Unless you’ve been living under a rock for the past few weeks, you’re most likely aware that Metro-North has a new rail station. West Haven, on the New Haven Line, is Metro-North’s 124th active station, and one of just a handful that have opened in the past few years (Fairfield Metro and Yankees-E 153rd Street being the other two). The new station puts a break in the long stretch in between New Haven and Milford stations, and relieves parking issues at both.
A station in between Milford and New Haven had long been debated, and extensive studies looked at sites in both West Haven and Orange. Though an apparent decision in favor of West Haven came in 2002, the debate was dragged on for many more years. Connecticut’s Final State Environmental Impact Evaluation, published in June of 2007, cites the pros and cons of the two sites and is an immense four hundred and fifty pages.
Despite the Orange station plan being supported by Bayer Pharmaceutical Corporation (the proposed Orange site would be within walking distance of their headquarters), the state upheld the original 9 to 6 vote in favor of West Haven. After many years of often-heated debate, a ceremonial groundbreaking was finally held in November of 2010, and attended by then-Governor Jodi Rell (the station project has languished over the tenure of three different governors – the original decision was made during John Rowland’s term, and Dannel Malloy was present at the ribbon cutting).
Though the station was originally estimated to cost around $80 million, and would include a parking garage, the final cost was closer to $110 million and lacked the garage. Although the 658 parking spaces at the new station do alleviate some of the parking problems at New Haven and Milford, it does not have the impact that was originally hoped for with a 2000+ space garage. Nonetheless, the new station does allow access to the nearby Yale West Campus, and West Haven’s Veterans Hospital is investigating the possibility of operating a shuttle to and from the new station.
Many West Haven citizens hoped for an older style station, reflecting the historical aesthetic of the old Savin Rock Amusement Park. Alas the station built was a more modern brick and glass building that may resemble a school more than it does a train station. The only truly aesthetic touch are the stylized seagulls on some of the window panes, which do seem to appropriately reflect the nearby Savin Rock area of West Haven, but are relatively underwhelming. Though it is certainly a nice addition to the New Haven Line, and to the citizens of West Haven, the station is hardly unique, and un-noteworthy compared to many of the historical stations you’ll find on the line.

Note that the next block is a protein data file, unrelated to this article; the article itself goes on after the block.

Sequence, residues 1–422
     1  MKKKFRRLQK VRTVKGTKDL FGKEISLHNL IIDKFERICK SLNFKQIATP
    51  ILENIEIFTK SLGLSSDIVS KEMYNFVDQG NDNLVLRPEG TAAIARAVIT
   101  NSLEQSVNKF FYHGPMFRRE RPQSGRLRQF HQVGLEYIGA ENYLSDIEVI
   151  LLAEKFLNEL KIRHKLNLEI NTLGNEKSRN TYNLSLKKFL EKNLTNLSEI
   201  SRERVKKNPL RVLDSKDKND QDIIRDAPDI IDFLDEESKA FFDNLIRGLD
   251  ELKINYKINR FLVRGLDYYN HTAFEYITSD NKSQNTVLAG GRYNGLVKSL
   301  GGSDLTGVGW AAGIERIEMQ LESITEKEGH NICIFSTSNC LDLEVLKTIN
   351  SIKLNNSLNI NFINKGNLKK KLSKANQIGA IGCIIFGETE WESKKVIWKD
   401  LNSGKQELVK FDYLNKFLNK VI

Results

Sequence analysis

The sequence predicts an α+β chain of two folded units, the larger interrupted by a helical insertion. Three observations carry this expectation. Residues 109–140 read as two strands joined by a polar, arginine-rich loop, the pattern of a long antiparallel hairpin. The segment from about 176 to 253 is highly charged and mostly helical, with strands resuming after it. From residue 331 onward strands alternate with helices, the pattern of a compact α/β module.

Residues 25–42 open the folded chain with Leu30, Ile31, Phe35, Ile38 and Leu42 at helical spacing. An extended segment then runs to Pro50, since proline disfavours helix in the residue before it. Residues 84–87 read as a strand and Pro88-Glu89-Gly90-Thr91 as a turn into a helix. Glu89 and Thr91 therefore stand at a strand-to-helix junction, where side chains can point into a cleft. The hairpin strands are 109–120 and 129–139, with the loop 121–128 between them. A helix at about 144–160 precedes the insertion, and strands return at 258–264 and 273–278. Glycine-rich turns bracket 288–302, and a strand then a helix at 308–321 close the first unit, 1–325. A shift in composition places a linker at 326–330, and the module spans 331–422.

As a final note, Michael Mercuriano, chairman of the West Haven Train Station Committee is hoping that a plaque will be placed at the station recognizing the efforts of the committee. I didn’t see a plaque to that effect, but if you were to ask me I think a plaque recognizing Robert Luden would be most appropriate. Luden was the 27-year veteran track foreman killed in May near the construction site.
Construction views of West Haven station. Top: The prefabricated pedestrian bridge is placed. Bottom left: Aerial view of the construction site. Bottom center: Glass installers getting ready to place the windows into the station. Bottom right: Platform view of the construction work.
No Tuesday Tour would be complete without a cache of photos, which you’ll find below. Unfortunately the station building was closed, and the sky was cloudy with no sun, so they aren’t the most optimal photos. Rest assured that one of these days I’ll be getting back over to West Haven, however…
- Ceremonial groundbreaking photo from Discover West Haven. [↩]
- Ribbon cutting photo from the city of West Haven. [↩]
- Pedestrian bridge photos by Tim Kemperle [↩]
- Aerial view of the construction site photo from Discover West Haven. [↩]
- Glass installers photo by Peter Casolino, New Haven Register. [↩]
- Platform view of the construction site photo from Discover West Haven. [↩]